Thermoregulatory and perceptual effects of a percooling garment worn underneath an American football uniform

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Abstract

Keen, ML, Miller, KC, and Zuhl, MN. Thermoregulatory and perceptual effects of a percooling garment worn underneath an American football uniform. J Strength Cond Res 31(11): 2983–2991, 2017—American football athletes are at the highest risk of developing exertional heat illness (EHI). We investigated whether percooling (i.e., cooling during exercise) garments affected perceptual or physiological variables in individuals exercising in the heat while wearing football uniforms. Twelve male participants (age = 24 6 4 year, mass = 80.1 6 8.5 kg, height = 182.5 6 10.4 cm) completed this cross-over, counterbalanced study. On day 1, we measured peak oxygen consumption (V_ O2). On days 2 and 3, participants wore percooling garments with (ICE) or without (CON) ice packs over the femoral and brachial arteries. They donned a football uniform and completed 3, 20-minute bouts of treadmill exercise at;50% of peak V_ O2 (;338 C,;42% relative humidity) followed by a 10-minute rest period. Ice packs were replaced every 20 minutes. Rating of perceived exertion (RPE), thermal sensation, and thirst sensation were measured before and after each exercise bout. Environmental symptoms questionnaire (ESQ) responses and urine specific gravity (Usg) were measured pretesting and after the last exercise bout. V_ O2, change in heart rate (DHR), and change in rectal temperature (DTrec) were measured every 5 minutes. Sweat rate, sweat volume, and percent hypohydration were calculated. No interactions (F17,187 # 1.6, p $ 0.1) or main effect of cooling condition (F1,11 # 1.4, p $ 0.26) occurred for DTrec, DHR, thermal sensation, thirst, RPE, ESQ, or Usg. No differences between conditions occurred for sweat volume, sweat rate, or percent hypohydration (t11 # 0.7, p $ 0.25). V_ O2 differed between conditions over time (F15,165 = 3.3, p, 0.001); ICE was lower than CON at 30, 55, and 70 minutes (p # 0.05). It is unlikely that these garments would prevent EHI or minimize dehydration in football athletes.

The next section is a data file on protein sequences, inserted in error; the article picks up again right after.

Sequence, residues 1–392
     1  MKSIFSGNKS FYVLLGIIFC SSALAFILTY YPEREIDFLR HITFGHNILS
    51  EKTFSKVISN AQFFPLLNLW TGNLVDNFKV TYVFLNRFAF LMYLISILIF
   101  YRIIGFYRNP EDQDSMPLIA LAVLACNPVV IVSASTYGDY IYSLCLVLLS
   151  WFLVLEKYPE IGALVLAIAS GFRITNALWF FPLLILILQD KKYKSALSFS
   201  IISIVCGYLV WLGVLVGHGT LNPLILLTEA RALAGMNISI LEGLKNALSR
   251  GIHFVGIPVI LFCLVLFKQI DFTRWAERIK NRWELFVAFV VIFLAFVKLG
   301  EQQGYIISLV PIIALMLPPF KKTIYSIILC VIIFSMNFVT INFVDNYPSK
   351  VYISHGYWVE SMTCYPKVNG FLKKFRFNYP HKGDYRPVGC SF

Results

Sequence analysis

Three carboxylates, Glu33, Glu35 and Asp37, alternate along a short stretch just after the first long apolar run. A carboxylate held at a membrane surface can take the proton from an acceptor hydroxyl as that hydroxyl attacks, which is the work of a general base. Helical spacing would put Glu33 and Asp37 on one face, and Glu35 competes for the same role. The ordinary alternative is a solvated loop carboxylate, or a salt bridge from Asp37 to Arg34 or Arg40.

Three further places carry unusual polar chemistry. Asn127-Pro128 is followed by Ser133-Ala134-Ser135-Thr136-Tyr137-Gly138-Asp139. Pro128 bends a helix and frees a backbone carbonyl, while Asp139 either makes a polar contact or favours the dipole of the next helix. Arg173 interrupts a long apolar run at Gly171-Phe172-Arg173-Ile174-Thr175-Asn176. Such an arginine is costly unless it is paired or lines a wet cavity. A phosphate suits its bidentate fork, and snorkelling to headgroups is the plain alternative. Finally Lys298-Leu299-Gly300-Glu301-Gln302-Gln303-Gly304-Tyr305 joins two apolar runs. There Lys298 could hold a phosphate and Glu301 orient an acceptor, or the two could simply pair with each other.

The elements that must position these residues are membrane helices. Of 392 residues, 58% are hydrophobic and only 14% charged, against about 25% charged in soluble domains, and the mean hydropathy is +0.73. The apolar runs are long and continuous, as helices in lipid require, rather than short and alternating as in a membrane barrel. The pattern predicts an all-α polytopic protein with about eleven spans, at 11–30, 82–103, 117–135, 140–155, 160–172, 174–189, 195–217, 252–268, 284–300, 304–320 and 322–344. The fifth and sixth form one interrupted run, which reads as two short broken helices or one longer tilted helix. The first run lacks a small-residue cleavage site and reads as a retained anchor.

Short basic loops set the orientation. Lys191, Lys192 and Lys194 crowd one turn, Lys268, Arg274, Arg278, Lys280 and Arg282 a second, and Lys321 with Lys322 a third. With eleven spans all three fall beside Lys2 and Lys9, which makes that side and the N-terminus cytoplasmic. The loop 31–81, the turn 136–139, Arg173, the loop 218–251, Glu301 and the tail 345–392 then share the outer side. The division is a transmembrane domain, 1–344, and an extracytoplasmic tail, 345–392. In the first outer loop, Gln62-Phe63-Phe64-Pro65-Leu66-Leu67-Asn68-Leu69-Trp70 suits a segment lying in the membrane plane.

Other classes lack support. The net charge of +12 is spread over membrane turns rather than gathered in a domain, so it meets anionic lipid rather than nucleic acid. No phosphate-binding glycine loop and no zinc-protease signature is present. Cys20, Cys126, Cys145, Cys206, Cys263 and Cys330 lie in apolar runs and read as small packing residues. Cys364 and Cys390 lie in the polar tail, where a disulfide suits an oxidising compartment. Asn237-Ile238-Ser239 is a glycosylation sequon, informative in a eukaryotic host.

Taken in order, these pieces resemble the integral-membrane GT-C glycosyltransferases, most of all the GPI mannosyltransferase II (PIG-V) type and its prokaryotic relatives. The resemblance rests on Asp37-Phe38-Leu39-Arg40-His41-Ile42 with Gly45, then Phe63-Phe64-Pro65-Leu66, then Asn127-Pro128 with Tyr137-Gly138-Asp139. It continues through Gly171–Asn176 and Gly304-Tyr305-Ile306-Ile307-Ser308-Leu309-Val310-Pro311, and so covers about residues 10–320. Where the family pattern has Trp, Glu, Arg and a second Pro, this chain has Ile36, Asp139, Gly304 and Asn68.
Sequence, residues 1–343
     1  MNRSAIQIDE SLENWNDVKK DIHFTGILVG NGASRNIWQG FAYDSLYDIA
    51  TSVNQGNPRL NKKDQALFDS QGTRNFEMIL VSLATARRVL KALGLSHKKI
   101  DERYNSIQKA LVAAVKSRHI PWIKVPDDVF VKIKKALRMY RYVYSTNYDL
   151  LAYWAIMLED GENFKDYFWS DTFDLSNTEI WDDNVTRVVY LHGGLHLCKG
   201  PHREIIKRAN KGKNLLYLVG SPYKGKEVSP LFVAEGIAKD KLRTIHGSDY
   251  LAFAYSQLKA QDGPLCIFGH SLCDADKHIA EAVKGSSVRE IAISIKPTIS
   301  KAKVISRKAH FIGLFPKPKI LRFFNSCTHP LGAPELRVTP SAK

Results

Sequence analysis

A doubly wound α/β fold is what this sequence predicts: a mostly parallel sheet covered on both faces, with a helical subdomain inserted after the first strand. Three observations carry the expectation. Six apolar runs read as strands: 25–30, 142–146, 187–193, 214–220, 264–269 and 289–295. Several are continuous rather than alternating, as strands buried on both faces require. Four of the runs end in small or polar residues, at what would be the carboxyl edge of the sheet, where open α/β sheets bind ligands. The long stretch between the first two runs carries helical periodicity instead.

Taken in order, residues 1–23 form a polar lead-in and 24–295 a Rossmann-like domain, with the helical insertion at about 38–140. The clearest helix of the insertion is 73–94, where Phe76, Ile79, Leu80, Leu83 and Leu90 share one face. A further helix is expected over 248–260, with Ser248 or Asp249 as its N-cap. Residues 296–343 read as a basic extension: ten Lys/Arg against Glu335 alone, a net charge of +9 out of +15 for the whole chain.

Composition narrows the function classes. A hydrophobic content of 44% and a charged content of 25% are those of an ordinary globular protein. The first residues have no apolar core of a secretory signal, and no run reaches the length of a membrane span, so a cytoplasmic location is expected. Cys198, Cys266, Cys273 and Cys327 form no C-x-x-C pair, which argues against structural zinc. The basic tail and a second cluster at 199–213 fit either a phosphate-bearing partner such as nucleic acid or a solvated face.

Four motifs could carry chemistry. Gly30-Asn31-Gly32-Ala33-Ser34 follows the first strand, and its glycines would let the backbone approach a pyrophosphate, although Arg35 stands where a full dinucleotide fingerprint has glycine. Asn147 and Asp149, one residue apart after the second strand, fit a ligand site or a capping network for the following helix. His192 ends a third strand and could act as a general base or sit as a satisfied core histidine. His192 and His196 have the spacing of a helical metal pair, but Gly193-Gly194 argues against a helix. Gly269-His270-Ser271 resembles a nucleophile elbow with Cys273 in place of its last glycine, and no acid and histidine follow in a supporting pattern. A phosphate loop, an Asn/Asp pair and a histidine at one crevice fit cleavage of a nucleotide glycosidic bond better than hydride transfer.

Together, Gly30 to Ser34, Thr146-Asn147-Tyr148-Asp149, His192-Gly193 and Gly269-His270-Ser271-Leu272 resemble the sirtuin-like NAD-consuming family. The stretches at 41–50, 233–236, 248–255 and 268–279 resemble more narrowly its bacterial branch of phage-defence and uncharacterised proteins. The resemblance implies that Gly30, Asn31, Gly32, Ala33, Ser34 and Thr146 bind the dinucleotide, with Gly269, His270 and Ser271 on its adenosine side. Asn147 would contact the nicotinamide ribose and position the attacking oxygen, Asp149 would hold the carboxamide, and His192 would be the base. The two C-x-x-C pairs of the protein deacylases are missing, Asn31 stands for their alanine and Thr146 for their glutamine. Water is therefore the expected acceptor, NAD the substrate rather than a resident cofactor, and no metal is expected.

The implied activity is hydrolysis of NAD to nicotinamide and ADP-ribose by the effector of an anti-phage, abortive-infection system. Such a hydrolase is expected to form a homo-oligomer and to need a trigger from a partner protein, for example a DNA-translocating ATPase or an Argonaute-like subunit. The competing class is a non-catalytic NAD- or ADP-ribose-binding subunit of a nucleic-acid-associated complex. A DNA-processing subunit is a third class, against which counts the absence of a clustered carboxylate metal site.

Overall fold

Original languageEnglish
Pages (from-to)2983-2991
Number of pages9
JournalJournal of Strength and Conditioning Research
Volume31
Issue number11
DOIs
StatePublished - 2017

Keywords

  • Dehydration
  • Heart rate
  • Oxygen consumption
  • Rectal temperature

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